Today, India begins the population enumeration phase of its once-a-decade census. Some 2.7 million workers are being sent out to collect data on the 1.17 billion people that inhabit the country's borders. And it's all supposed to be completed in the next three weeks, making it one of the world's largest operational nightmares. "It is the second-largest census in the world," after China, said Vice President Hamid Ansari.
Given that India has developed rapidly since its last census 10 years ago, the country—and the world—will benefit from understanding the socio-economic shifts that have taken place. And one notable component of the census campaign—given the population changes in India—is the rise of the Internet and the role of Twitter and Facebook.
The "Census 2011" Facebook page reads, "You count, therefore we count," and includes a mascot that is "nameless, without any religion or ethnicity to give emphasis on the fact that we are unified together." The Twitter page has live updates on schedules, leaflets in different languages, and motivational messages like "Stand up, get counted."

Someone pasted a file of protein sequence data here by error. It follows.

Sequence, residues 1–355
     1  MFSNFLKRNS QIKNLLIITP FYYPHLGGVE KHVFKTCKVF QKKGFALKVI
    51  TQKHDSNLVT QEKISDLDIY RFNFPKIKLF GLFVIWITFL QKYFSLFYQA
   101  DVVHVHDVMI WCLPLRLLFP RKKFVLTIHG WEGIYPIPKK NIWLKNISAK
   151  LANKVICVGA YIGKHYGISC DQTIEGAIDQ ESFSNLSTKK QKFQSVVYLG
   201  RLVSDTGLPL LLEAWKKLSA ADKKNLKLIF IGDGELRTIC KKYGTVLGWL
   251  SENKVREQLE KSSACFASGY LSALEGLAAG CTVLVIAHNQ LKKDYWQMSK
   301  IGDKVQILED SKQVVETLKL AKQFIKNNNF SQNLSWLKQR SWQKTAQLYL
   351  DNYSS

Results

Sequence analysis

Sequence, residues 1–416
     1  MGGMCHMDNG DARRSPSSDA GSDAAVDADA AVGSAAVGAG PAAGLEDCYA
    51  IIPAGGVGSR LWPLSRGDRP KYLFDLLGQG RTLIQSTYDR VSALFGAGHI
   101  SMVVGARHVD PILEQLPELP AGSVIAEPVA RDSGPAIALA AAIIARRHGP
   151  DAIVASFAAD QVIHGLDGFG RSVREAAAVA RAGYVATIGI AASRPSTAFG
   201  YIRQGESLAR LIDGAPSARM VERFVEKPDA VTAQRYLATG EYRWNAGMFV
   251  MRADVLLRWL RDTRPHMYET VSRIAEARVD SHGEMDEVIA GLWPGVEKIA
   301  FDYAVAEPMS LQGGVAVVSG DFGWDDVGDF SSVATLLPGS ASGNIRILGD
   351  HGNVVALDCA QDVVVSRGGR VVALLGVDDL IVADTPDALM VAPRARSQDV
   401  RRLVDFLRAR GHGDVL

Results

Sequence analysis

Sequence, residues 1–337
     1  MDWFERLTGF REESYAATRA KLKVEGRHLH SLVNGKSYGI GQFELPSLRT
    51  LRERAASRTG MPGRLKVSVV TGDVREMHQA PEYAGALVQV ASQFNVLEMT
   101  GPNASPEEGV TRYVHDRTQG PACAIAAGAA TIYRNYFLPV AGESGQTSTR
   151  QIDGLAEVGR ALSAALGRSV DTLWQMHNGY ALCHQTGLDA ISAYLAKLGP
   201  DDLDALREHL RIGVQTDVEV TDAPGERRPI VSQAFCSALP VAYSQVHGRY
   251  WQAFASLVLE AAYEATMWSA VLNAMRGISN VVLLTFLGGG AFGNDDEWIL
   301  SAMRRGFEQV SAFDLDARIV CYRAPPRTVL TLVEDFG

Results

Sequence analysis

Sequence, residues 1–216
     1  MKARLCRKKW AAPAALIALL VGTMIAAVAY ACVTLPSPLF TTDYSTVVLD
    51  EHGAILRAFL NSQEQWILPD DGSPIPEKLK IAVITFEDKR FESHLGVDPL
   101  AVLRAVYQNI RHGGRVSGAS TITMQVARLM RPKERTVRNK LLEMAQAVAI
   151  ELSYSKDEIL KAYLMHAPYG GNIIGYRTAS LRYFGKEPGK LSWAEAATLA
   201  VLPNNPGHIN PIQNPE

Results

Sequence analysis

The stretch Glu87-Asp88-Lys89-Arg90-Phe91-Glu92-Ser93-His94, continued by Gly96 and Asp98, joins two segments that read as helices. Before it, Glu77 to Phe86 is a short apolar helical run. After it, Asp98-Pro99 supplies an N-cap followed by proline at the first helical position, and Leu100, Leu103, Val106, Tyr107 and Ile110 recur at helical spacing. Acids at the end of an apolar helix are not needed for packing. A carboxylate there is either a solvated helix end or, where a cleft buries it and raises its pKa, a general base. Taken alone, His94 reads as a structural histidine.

But Twitter and Facebook only reaches a tiny portion of India's population. The country's got 40 million slum-dwelling residents along with a network of informal settlements and working sectors. So it remains to be seen how much "you count, therefore we count" actually bears out in practice.
Census workers—many of whom are teachers—will visit 640 districts, 7,742 towns, and 600,000 villages, in addition to homeless populations found dispersed throughout the country. But they have an impossibly short time in which to collect all the data. The United States population is significantly smaller, at just over 307 million, but the census data-collecting period is roughly the same—at 2-4 weeks.
Instead of representing the people and boosting government and private sector knowledge about the population, the census may end up leading us astray with incomplete or false information. Corruption has been known to plague the country's government offices, and the census is just as vulnerable to government meddling as any other undertaking, raising the possibility that in the likelihood that not all 1.17 billion—or even close to that many—are accounted for.
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